A BUSINESS case for expanding the Port of Hastings should include compensation the owners of property affected by dredging in the bay.
Experts estimate 24 million cubic metres of spoil will be dredged from alongside wharfs and in shipping channels, severely affecting Western Port’s marine environment and increasing coastal erosion.
The call to establish a compensation fund was included in a submission by the Preserve Western Port Action Group (PWPAG) to a select committee hearing into the state government’s proposed leasing of the Port of Melbourne.
Funding for the government’s plan to reduce the number of rail level crossings is expected to come from the 50-year lease, which effectively rules out development of a container port at Hastings.
PWPAG chairman Jeff Nottle said any business case for expanding the port at Hastings “needs to include all the costs that impact on the region”.
These impacts included “increased erosion and sediment flows arising from the dredging in a very high tidal flow environment” and the acceleration of erosion “particularly in the north of the bay and on the north shore of Phillip Island”.
Mr Nottle said the Shire of Bass had recognised the “just how much of Western Port is at risk of inundation or erosion – and in some cases both – by climate change induced storm surges and sea level rises” by endorsing a planning scheme amendment on Land Subject to Inundation Overlays (C82).
Mr Nottle said the dredging would make things worse than what was being predicted.
Estimates of the dredging required for an expanded port came from Victoria University’s supply chain institute while effects on the ecology and erosion came from “one of Australia’s leading geomorphologists Associate Professor David Kennedy of the University of Melbourne”, who had considered the Victoria University findings and the Western Port Local Coastal Hazard Assessment reports.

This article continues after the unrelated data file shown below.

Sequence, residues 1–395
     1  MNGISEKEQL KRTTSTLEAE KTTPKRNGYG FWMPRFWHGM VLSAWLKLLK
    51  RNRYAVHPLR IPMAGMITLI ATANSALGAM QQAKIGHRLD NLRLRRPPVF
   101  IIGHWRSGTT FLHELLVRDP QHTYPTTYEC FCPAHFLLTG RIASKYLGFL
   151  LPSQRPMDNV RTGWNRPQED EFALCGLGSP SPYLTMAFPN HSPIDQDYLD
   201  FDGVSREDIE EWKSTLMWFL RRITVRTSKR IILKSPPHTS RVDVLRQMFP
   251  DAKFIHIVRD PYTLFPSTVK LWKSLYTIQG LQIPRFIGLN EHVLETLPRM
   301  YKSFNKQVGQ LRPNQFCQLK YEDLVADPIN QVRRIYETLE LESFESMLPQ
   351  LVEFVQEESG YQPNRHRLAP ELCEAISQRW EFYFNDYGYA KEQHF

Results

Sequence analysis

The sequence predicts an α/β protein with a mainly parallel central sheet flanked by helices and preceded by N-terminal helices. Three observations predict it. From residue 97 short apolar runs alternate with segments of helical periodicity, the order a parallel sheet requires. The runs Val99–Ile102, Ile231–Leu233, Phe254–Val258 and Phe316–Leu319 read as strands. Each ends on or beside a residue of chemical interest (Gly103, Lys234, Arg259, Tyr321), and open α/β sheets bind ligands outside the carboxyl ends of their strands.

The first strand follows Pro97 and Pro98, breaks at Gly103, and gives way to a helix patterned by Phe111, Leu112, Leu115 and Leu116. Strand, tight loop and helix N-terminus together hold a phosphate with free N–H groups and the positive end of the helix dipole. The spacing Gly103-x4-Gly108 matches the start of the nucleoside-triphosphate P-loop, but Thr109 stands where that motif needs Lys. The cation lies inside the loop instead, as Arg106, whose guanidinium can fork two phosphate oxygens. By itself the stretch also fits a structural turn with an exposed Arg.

Mr Nottle quoted Prof Kennedy as saying “the proposed development is almost certain to have major environmental impacts on the marine and coastal environment of Western Port”.
He said Prof Kennedy had stated that “the potential impacts could be more widespread” due top “a general lack of knowledge of sediment transport pathways within the bay”.
“This independent specialist analysis brings into focus the potential damage to Western Port properties and coastal foreshores and beaches that will arise from the dredging associated with the construction of a container port at Hastings,” Mr Nottle said.
“The erosion and inundation caused will not be gradual and imperceptible, it will be obvious as the Western Port Local Coastal Hazard Assessment reports give us a baseline for erosion and inundation without the dredging for the port.
“We believe all proponents for the construction of a container port at Hastings should support the establishment of a Western Port erosion and compensation fund as part of a business case for Hastings.
“The fund could then be accessed by affected property holders and coastal land managers to restore the coast or to provide compensation.”